In just a few days, American Idol will crown the winner of its 13th season. The trend-setting TV show has given hundreds of aspiring vocalists the spotlight, while music-industry celebrity “judges” rate their performances. Public opinion reigns as TV viewers vote for their favorite performers and share personal critiques through online forums.
As each season of Idol progresses, the production values of performances increase dramatically. Simple vocal auditions at the start of the competition evolve into full-blown stage spectacles. The show moves into larger venues and contestants are gradually made-over with celebrity stylings. Judges become more critical of every detail – image, skill, and presentation.
This whole formula may make for great TV ratings, but are some Christians adopting an “American Idol” mentality towards worship services these days?
Worship music has become a major focus in many of our churches. Studies show that a great music program is even more important to many church-goers than the sermon. But as churches promote more slick and theatrical production styles, are we guilty of critiquing performances rather than worshipping? Some of us have become expert “judges” during our worship services. We judge almost everything: the song selections, the volume, the lighting, the visual backgrounds. If the music is not up to our personal standards of excellence, we’re unhappy. But if the band is over-the-top or too polished, we can accuse them of being “performance oriented” or “inauthentic.” We judge the musicians and vocalists: the clothes they wear, the facial expressions they make, the tone of their voices, and their musical preferences.
Perhaps this critical attitude comes from a fundamental misunderstanding of why our church services incorporate music and singing. Is this simply an entertaining way to get the service going? An interesting format to break up the church hour? A time when late-comers can arrive without much distraction, or a good way to draw the younger generation in?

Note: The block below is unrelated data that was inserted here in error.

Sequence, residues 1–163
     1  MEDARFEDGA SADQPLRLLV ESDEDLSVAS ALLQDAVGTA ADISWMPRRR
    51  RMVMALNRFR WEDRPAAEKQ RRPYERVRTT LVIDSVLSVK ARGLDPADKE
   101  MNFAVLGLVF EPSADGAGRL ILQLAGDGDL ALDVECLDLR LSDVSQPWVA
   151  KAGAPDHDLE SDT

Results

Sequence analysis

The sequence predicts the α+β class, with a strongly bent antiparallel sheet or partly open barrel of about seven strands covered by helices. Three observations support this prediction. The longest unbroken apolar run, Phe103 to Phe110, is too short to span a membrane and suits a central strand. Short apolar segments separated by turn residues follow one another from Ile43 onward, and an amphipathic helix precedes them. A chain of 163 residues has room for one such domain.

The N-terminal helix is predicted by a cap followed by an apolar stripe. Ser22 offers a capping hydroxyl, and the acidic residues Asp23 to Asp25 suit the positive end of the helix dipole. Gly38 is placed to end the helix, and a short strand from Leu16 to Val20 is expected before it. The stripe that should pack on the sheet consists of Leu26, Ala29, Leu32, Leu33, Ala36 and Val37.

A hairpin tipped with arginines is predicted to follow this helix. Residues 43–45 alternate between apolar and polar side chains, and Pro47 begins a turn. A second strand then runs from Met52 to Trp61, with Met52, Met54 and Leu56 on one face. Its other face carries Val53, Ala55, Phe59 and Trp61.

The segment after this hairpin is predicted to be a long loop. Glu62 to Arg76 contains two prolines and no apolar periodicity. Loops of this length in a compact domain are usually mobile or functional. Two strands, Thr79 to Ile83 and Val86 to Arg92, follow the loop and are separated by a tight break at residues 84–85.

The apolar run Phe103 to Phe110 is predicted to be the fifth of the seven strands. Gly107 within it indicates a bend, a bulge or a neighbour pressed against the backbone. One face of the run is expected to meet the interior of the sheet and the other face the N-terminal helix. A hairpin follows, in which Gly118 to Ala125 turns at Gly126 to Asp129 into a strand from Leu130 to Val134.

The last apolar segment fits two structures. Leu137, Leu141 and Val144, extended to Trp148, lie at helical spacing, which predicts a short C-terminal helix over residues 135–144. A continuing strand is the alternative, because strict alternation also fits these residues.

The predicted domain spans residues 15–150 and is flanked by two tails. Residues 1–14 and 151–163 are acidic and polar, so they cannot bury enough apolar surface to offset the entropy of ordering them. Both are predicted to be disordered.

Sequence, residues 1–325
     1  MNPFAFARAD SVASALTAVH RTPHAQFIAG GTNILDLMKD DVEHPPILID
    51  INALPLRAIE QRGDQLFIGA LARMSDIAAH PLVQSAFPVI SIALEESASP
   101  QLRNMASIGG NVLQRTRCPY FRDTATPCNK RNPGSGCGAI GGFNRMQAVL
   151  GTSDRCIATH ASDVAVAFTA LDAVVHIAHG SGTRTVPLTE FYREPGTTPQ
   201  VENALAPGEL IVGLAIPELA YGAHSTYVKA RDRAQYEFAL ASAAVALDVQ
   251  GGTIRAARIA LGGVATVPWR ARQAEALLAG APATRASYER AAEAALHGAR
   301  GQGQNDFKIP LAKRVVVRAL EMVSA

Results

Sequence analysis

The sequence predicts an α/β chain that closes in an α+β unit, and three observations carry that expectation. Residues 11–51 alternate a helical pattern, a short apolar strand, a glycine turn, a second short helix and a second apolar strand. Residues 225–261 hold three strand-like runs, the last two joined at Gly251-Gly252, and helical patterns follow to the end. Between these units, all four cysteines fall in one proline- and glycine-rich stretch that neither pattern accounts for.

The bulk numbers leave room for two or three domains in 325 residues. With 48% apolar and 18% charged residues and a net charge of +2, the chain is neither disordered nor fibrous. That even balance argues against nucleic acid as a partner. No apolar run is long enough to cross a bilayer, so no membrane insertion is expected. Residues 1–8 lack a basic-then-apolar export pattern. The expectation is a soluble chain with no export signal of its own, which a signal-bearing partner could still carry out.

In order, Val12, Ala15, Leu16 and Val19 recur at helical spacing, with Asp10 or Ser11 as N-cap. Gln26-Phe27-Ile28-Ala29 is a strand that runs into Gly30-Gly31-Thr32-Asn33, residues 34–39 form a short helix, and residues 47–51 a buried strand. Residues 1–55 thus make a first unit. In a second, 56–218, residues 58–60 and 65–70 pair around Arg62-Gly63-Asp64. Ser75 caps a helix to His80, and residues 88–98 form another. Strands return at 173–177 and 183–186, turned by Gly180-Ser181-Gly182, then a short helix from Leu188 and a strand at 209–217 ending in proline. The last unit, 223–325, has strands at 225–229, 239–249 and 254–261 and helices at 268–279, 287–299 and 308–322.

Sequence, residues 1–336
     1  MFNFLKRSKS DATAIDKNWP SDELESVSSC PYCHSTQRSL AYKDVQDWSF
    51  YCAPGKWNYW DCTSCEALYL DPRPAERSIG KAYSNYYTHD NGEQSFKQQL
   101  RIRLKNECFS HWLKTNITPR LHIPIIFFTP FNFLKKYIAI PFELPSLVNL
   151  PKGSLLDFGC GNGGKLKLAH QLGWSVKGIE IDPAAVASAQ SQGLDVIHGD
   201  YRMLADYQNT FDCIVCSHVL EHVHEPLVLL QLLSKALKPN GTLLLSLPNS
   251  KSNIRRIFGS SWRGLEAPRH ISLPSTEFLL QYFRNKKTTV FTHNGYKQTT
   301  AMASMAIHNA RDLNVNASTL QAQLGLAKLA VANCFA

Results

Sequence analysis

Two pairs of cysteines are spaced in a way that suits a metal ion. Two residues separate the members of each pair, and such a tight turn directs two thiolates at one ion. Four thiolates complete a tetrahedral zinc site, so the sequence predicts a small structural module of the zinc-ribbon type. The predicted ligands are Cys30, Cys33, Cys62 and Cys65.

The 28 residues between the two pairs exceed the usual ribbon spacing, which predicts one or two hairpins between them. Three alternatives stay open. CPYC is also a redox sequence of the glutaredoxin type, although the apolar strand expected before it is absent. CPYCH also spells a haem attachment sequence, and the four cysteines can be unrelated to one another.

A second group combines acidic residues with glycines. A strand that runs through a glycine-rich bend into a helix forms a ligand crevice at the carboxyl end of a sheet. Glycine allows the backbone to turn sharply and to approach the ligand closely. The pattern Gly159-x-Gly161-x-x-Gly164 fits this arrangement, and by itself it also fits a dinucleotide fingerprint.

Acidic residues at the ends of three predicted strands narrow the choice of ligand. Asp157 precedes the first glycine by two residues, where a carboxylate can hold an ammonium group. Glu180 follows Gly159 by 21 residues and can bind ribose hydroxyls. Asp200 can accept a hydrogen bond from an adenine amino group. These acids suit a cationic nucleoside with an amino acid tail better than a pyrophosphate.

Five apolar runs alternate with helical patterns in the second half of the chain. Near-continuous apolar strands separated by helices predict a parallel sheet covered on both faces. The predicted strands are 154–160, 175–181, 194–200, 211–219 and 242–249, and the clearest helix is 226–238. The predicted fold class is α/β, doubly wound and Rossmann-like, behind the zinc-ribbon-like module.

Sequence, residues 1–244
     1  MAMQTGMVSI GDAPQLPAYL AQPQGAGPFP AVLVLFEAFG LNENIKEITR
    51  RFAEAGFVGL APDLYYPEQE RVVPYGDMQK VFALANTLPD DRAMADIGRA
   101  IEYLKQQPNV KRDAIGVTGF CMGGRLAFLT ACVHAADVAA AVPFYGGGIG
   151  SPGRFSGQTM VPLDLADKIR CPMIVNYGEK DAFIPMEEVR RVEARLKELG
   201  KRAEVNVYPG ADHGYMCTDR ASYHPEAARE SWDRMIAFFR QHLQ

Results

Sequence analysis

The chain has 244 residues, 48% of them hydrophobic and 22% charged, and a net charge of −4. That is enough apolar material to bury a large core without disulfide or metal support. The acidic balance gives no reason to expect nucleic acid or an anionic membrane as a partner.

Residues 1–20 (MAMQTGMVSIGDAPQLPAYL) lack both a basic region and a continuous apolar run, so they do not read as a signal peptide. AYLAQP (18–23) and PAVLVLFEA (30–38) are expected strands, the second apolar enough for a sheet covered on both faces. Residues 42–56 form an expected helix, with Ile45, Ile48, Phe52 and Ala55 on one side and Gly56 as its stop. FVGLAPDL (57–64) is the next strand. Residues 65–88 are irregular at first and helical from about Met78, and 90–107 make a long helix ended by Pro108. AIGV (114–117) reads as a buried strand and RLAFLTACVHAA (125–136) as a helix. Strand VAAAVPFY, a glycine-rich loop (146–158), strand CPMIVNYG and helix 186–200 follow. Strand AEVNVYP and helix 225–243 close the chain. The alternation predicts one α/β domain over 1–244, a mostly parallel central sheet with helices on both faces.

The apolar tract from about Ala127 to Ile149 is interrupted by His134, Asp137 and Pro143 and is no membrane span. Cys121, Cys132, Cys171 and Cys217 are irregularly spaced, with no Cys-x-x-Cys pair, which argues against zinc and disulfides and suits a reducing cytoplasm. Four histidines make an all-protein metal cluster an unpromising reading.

Maybe some believers have forgotten (or simply never understood) what corporate worship is all about, so let’s start with a good definition of worship:
Worship is acknowledging who God is, and what God does, to God Himself, with an attitude of praise.
Have you ever been part of a discussion after a church service that goes something like this: “I didn’t really enjoy the worship time this morning,” or “the praise band didn’t do much for me today”?
If we plug that mentality into our definition of worship, we’re essentially saying: “I didn’t enjoy acknowledging who God is this morning.” Or, “My poor attitude of praise didn’t do much for me today.” Yikes! That’s probably not what we really meant to say, is it? But in reality, comments like that imply that we’re more concerned with how worship affects us, rather than how it affects the One we’re worshipping. Is our personal enjoyment of the music more important than what we offer to the Lord? Are we simply seeking an enjoyable “concert-experience” on Sunday mornings? If so, what are some points to remember that will help us move towards true worship?
1. Worship is not consumed. Worship is offered.
Music is a multifaceted art form, and different musical styles are used for distinct scenarios like parties, movie soundtracks, weddings, etc. But worship music is in a category all its own becauseworship music is directed to God, not man! Our own entertainment is not the ultimate goal on Sunday morning. In fact, it’s not about us at all. It's all about Him! We’re like waiters at a restaurant. It doesn’t matter if we personally like the way the food is seasoned. What matters is the attitude with which we present it to the One we’re serving.